Lack of data hinders long Covid response

From The Saturday Paper, 18 February 2023:

In historical accounts of the 1918 influenza pandemic, references can be found to people experiencing exhaustion, nervous complications, apathy and depression for weeks, even months, after they recovered from infection.

And reports of persistent, chronic fatigue-like symptoms have emerged following the major respiratory disease outbreaks of the past two decades: the first SARS epidemic in the early 2000s, MERS since 2012, and the H1N1 influenza – swine flu – pandemic of 2009. Those symptoms have been known to last months and even more than a year after infection.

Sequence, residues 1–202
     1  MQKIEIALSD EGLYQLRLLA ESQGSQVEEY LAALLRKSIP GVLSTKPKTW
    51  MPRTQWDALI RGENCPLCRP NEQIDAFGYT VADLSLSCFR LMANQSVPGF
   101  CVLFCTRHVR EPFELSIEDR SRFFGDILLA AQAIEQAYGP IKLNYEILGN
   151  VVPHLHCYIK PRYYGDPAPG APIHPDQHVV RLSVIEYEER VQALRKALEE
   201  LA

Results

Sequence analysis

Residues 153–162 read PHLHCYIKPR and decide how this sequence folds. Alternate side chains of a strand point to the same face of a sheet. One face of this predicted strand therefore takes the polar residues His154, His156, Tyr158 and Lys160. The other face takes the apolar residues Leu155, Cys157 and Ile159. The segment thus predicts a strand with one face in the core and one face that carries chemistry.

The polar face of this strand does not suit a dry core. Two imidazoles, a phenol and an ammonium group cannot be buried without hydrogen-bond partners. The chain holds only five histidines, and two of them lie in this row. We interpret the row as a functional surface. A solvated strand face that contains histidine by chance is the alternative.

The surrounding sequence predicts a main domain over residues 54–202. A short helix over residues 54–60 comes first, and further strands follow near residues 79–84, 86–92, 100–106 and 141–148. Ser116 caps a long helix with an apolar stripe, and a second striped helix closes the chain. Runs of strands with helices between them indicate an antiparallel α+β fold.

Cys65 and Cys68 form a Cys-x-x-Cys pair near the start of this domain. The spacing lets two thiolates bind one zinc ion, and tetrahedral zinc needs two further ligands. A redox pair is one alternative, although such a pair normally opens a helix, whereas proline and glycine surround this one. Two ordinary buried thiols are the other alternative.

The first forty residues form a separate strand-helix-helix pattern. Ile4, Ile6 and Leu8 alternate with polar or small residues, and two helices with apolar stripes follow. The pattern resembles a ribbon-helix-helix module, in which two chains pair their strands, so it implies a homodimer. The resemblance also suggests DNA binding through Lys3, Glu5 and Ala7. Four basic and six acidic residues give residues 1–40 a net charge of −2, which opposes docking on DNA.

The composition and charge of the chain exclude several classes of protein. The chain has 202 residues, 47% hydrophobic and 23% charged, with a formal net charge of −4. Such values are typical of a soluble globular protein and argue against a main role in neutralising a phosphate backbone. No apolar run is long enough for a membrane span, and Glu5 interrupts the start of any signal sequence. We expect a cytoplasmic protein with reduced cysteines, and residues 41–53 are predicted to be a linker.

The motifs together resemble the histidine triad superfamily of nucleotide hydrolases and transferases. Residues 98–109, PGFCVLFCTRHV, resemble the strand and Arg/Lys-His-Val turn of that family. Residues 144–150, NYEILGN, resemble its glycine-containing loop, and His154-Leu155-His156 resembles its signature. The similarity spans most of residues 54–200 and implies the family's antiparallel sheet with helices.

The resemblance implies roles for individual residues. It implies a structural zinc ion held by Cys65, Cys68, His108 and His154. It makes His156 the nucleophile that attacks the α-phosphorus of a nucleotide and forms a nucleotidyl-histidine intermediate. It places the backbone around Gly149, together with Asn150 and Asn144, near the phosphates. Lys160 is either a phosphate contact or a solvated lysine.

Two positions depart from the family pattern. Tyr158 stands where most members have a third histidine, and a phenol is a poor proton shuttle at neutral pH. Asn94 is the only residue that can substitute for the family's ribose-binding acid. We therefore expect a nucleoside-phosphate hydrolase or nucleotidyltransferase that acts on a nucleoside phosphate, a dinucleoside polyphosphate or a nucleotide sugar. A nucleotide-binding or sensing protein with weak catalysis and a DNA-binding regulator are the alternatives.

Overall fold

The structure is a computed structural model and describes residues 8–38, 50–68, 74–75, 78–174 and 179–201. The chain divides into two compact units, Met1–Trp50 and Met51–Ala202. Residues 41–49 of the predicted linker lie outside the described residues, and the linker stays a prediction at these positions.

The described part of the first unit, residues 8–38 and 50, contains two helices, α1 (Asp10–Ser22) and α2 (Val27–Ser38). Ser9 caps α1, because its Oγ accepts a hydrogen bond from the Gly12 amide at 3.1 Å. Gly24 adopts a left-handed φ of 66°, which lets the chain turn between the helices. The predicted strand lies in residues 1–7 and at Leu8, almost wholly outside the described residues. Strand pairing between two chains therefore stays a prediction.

There has been no shortage of warnings that viral infections have a sting in their tail: those who survive the acute infection are at elevated risk of long-term, chronic, debilitating illness. And yet in the federal government’s 2019 influenza pandemic management plan there is not one mention of post-viral illness, chronic fatigue or long-term illness resulting from infection. It’s a glaring omission, and one that left a gaping hole in Australia’s pandemic response. Read more (paywall).

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